Terrified, Bodie summons me to his cavernous office.
“They want me out,” he says, scrutinizing all those dazzling backstabbers and hangers-on through thick glass panes.
“Calm down,” I say.
“Calm down? Are you shitting me? You hear what I’m saying?”
Of course I hear him. Like dozens of other times. He’s probably off his Lithium again or done too much blow.
“I’m sinking — drowning — not coming up for air—”
“Look, I love you, bro, but this paranoia shit’s getting old.”
His eyes widen.
“You, too, man?”
“No, not me, too, man.” I sit him down in his plush executive chair, put a Glenlivet on the rocks in his trembling grasp. “It’s your company, Bodie. Yours. No one’s out to get you, least of all me.”
He’s 50 going on 70, hair white, wild as his dilated blue eyes. Bodie’s hands are long and veiny, and steely chest curls jut through the neck of his lavender silk shirt — he’s a pimpy Wolfman stuck in transmutation.
“When’d you sleep last?”
“Sleep? What’s that?”
“Finish your drink,” I say, then lead him to a cow-print Corbusier loveseat. Soon, he’s snoring, but not before he mumbles, “Don’t let them fuck me, man.”
Truth be told, Bodie is fucked. And Lana, his wife, assures me everyone will take turns bending him over. Including me. His free-wheeling, rock-and-roll ways have led to this dead end. No one’s sorrier than I. Those were good times. Parties with Hef, Aerosmith, Supertramp. He took me, a geeky kid in a third-rate garage band, and distilled the upwardly-mobile producer before you. Gave me my break. But as they say in this fickle business of music, he’s all played out.
Lana’s certainly the more truly fuckable. I’ll give her that. A Burger Chef drive-thru girl when they met, she’s a louse. But the world forgives such if you’re gorgeous.
“Having second thoughts?” Lana says, massaging my shoulders and wearing her best outfit, which is nothing at all. In her golden glory, she could be a Grammy for sex.
She considers it, maybe only pretends.
“Think I want to hurt him?”
“Would that stop you?”
“Ah, our Jake’s growing a conscience.”
She fetches balance sheets from the nightstand, clearly having anticipated this conversation.
“I told you he’s running the company into the ground. I didn’t say how far or fast.”
The pages are soaked with numbers conspiring against him — yet also generous gifts to charities, has-been artists. Bodie, you out-of-control mensch.
I push them away.
“I’m no accountant.”
She pulls my head back, kisses me deep.
“A piece of shit,” I say and return the kiss.
“Pull,” Bodie yells, braced against the taffrail.
I wing LPs from before my time — “Doing inventory,” Bodie calls it — and he blasts them with an M-14.
“Punks couldn’t even sell 500 units.”
I toss one by DJ Chicken ‘n Waffles.
“Asshole,” Bodie growls, sending it to vinyl heaven.
Back at the dock, he lights Quinteros for us with a diamond-studded Ronson.
“You look distracted.”
“Too much sun,” I lie.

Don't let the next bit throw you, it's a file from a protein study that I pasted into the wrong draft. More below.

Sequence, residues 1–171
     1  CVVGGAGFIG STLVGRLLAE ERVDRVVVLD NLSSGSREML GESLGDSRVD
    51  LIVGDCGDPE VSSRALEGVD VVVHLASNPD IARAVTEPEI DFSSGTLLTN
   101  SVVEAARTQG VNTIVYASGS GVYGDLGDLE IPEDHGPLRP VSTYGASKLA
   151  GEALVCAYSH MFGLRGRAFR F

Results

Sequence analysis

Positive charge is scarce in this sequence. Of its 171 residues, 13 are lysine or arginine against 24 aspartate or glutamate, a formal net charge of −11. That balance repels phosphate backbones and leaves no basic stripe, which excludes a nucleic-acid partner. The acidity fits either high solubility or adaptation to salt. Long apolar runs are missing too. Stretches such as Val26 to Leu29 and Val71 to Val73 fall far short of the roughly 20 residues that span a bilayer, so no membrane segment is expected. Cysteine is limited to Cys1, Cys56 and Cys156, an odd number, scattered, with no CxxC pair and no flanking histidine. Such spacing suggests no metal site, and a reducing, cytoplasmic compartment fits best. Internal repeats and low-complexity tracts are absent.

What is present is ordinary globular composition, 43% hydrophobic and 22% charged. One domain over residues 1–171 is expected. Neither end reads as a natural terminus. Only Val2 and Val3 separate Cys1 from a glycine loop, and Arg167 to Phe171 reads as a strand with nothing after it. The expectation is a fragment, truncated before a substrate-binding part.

My insides twist over these betrayals, even little ones.
“Move around. You’ll feel better.”
Bodie blows undulating smoke rings, studies them. Perhaps unfogged by sea air and small arms fire, he’s philosophical.
“We can’t really stop moving, can we? Earth will always move around the sun, taking us with it. Even dead.”
He’s wiping down the M-14.
The grand saloon suddenly becomes dangerously confined, so much so that when he says, “By the way, you screwing Lana?” I nearly shit myself.
“Relax,” he smiles. “If she’s happy, I’m okay with it. I love her.”
What to say to that? It’s classic Bodie — touching and fucked up at the same time.
“Catch,” he says, tossing me something shiny to change subjects. “Behold the future. They call it a CD. Soon, LPs will be passé, like 8-track, like me. Like you some day, last long enough.”
He’s riffing profundities. He could as easily be laying down tracks, genius bursting from his fingertips. I’m no longer in the presence of a raving paranoiac or drugged-out mid-lifer (or even the former Ira Nussbaum, chess prodigy from Cleveland Heights). His eyes are clear, voice resonant. He’s Bodie McClean, of BodieMac Records, again. Legend.
“It’s almost 1980. You believe that? Where’d the 70s go? Or the 60s, for that matter. Fucking time, man.”
He leans in.
“Promise me something.”
“Just promise me.”
“Always live in the moment, kid. Always. No regrets.”
What I do next will mean the world to him, I see.
“Because life’s a turntable, and it won’t stop moving either just because your song’s over,” he says, as much to himself as to me. “When that music ends, the past won’t know and the future won’t care.”
He palms my cheek, his hand warm, gentle.
“You’re the son I never had, Jacob. Understand?”
“Yeah, Bodie,” I whisper.
“Then everything’s all right, kid.”
He grins, so sure and radiant, even I believe it.
The inevitable final straw? Paradise White and demolition derby with Lamborghinis. From the wreckage, Bodie laughs, “Best two out of three!”
Lana signs papers on New Year’s Day, and they ship him off to some hospital in Connecticut.
Lana settles into Bodie’s chair like she’s returned from a long, satisfying vacation.
“Why not stay? You helped him build BodieMac up. Time to cash in.”
Time. The word hangs in the air.
She’s stacked CDs on the desk — hers now, I guess — and all I can think is what do you play those things on?
“Besides, I need you.”
“I understand,” I tell her, heading for the door.
If looks could kill.
“You’ll be back.”
“Doubtful. CDs are too small to hit.”
Her face goes blank.
I’m not entirely sure what it means, either, but Bodie would approve, wouldn’t he?
So I smile and just keep moving.
Stephen Kyo Kaczmarek is a writer and educator in Lewis Center, Ohio.